Time Out says
Okay, hands up who would have guessed that a warmly nostalgic, near-silent comedy about the decline of the music hall in post-war Europe would be one of the year’s most immaculately constructed, heartbreaking releases? With his remarkable new film ‘The Illusionist’, French-born artisan Sylvain Chomet (writer-director of 2003’s ‘Belleville Rendez-Vous’) joins the lofty ranks of John Lasseter, Brad Bird and Hayao Miyazaki as one of the masters of modern feature animation.
The film is adapted from an unfilmed script by the late Jacques Tati that some think was intended as a bashful apologia to Sophie, his daughter. It’s a gorgeous visual poem that explores the practicalities of following one’s dreams at the expense of parental responsibility. It gently circles a shambling stage illusionist named Tatischeff (Tati’s real surname) as he tours his creaky act from neon-lit Paris to drizzly Edinburgh with a carnivorous white rabbit in tow. While performing in a far-flung Scottish pub, a naive young lass named Alice latches on to his coat tails and stows away with him to the capital. She believes he has real magical powers.
Alice and Tatischeff’s wordless rapport is beautifully orchestrated and developed – she offers him a coy peck on the cheek as he showers her with gifts, he manfully rebuffs her affection but protects her. As Tatischeff gallantly swims against the turning tide of a fickle entertainment industry, it’s clear Alice is an emblem of his need to succeed, as a performer and a father figure. But the seductiveness of the city and the allure of modern fashions draw Alice in her own direction, towards love and independence.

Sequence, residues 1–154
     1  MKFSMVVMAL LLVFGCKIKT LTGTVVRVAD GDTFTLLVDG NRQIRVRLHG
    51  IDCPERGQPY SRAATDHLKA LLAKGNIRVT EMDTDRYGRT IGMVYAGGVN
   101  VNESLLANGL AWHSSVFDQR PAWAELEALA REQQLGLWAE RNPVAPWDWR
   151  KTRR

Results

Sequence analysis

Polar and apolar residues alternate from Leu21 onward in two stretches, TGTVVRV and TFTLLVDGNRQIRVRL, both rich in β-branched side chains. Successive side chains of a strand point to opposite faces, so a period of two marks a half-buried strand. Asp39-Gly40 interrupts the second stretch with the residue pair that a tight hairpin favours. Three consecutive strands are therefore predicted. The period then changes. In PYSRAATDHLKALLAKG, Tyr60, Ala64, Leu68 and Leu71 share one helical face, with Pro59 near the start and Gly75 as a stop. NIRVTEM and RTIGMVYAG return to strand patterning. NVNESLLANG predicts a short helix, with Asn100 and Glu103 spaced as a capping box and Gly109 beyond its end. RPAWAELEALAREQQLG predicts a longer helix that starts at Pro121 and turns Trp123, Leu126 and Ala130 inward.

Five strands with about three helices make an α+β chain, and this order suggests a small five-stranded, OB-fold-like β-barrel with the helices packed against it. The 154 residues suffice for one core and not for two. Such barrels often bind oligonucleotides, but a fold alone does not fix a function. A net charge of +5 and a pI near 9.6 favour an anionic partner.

As much as Tati’s gravity-defying saunter as M Hulot can’t help but provoke a wry smile, Chomet recognises that the principal skill of his muse was as a filmmaker, and more than that, as a neurotic micro-architect of screen comedy. As such, scenes are mounted in mid or long shot and ‘camera’ movement is kept to a minimum, allowing each frame to buzz with detail. Chomet recreates the streets of 1950s Edinburgh with photorealist precision, creating a veritable location-spotter’s dream for anyone familiar with the area.
Purists may moan that there is too much of a defined story for this to be a ‘genuine’ Tati article, but that’s only because Chomet puts his own eccentric stamp on it. Tati thought anything could be funny, and while Chomet runs with that idea as a director, he challenges it as a storyteller. ‘The Illusionist’ presents a cruel world in flux, a place where people grow old and drift apart and loneliness and failure lead to tragedy. The last five minutes are almost unwatchably sad, as Alice blossoms into adulthood while Tatischeff refuses to abandon his youth. The film’s parting suggestion is that a neat sleight of hand may be okay in the moment, but to excel as a parent, you need more than magic.